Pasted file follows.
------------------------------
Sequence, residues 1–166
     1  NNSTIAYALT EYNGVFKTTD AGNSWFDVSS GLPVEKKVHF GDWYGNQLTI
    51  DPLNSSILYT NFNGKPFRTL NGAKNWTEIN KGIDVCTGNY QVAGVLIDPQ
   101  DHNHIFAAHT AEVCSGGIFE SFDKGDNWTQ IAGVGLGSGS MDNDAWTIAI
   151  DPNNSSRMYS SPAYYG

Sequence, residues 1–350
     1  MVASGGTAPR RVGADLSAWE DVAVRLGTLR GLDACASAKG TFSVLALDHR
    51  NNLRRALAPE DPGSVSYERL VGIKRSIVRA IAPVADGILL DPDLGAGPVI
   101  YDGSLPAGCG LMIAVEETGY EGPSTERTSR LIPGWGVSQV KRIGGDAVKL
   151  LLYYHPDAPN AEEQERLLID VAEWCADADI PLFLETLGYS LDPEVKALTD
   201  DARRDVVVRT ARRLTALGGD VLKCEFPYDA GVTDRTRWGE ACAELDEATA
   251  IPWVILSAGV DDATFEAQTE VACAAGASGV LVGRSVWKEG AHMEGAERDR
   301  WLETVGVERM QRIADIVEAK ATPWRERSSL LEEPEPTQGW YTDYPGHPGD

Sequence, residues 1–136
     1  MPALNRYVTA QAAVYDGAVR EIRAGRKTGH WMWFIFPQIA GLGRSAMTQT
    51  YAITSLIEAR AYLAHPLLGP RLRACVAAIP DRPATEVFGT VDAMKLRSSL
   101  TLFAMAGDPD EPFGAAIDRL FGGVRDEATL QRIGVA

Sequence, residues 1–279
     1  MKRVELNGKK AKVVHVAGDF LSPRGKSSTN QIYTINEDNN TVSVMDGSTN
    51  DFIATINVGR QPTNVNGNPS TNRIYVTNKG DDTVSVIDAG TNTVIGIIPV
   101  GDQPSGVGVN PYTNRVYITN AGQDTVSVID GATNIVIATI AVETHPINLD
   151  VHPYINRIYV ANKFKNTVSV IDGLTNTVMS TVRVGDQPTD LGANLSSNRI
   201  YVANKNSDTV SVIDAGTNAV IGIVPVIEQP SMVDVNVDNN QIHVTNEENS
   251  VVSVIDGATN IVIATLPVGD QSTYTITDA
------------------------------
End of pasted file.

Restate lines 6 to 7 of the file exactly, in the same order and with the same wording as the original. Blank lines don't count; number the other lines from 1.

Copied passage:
Sequence, residues 1–350
     1  MVASGGTAPR RVGADLSAWE DVAVRLGTLR GLDACASAKG TFSVLALDHR